The recent monetary policy stance is a necessary step in order to ensure price stabilisation in the economy in line with the county’s planned budgetary benchmarks, an industry insider has said.
The analyst said this in the context of the recent move by the Reserve Bank of Malawi (RBM) to raise the policy rate —a key driver of interest rates on loans—by two percentage points.
In a written response to a questionnaire on Tuesday, former Malawi Confederation of Chambers of Commerce and Industry president Martin Kansichi Banda observed that economic performance of the country has brought about mixed reactions to the country’s cash flow.
He said: “The current environment has created heavy borrowing by government from banks, to meet budgeted targets. Obviously, this needs to be managed by the RBM to avoid monetary imbalances on agreed economic reserve ratios which start finding ways to put its balance sheet in the right perspective.
“We need to start managing our expenditure on unnecessary luxury items, in order to conserve our foreign reserves. There is nothing worse than being extravagant in a lean period like this and finding yourself unable to meet important obligations in critical sectors like health, education and agriculture.”
According to Banda, the timely policy measures by the central bank become necessary in order to ensure that agreed stabilization ratios take effect in line with our planned budgetary benchmarks.
“This is always the case all over the world, and, in these days is not unique for Malawi because just recently, the United States and other economic powers of the world have done likewise,” he said.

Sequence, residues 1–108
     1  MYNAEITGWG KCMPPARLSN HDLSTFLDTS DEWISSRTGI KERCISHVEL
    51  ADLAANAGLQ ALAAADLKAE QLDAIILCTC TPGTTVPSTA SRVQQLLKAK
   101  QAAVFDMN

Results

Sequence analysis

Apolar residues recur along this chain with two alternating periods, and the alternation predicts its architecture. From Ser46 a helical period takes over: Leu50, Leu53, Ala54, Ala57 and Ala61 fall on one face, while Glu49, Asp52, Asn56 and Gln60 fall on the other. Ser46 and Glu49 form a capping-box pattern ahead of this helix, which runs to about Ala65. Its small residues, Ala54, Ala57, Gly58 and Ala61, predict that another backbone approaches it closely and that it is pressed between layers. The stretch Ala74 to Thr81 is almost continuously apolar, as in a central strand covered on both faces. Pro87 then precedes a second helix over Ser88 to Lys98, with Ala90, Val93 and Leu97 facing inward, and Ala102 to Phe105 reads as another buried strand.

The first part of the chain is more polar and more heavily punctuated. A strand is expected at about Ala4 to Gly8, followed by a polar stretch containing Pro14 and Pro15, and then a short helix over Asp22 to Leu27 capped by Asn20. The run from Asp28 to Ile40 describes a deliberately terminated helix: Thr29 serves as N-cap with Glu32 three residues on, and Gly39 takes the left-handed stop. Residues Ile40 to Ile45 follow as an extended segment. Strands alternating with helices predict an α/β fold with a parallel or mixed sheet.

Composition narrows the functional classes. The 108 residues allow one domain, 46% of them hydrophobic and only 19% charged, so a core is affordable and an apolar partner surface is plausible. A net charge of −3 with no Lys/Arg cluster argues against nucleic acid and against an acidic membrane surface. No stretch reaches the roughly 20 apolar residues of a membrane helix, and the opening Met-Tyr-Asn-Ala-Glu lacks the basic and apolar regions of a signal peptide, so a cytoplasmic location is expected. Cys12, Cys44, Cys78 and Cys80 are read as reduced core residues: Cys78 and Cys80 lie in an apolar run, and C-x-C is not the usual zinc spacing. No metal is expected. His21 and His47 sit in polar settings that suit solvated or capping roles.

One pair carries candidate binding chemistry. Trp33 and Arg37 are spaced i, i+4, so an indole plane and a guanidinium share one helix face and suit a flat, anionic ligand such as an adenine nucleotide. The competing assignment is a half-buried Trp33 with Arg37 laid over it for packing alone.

Earlier Economists Association of Malawi (Ecama) executive director Frank Chikuta said the move was expected as it was obvious that RBM would raise the policy rate as both economic fundamentals and outlook have.
“For some time, developments in the economy have pointed to a possible rise in the policy rate but we know the central bank has overtime maintained the rate for good reasons. This hike was inevitable looking at the economic shocks which are coming one after another, forcing the central bank to tighten the monetary policy,” he said.
On his part, Catholic University of Malawi economics lecturer Hopkins Kawaye agreed with Chikuta, saying the move, which was expected is meant to ensure price stability given the rising inflation.
“This is certainly meant to contain the pressure on prices which have been rising for some time. The RBM is trying to reduce the money in circulation and contain the rising costs of goods. It could have actually been surprising to see them not acting when all parameters were pointing to a possible hike in the policy rate,” he said. Banda also announced an upward revision of the 2022 inflation rate projection from 10.4 percent to 12.3 percent, a decision he said has among others, taken into account the inflation risks, trend and outlook which point to persistence of inflation pressures.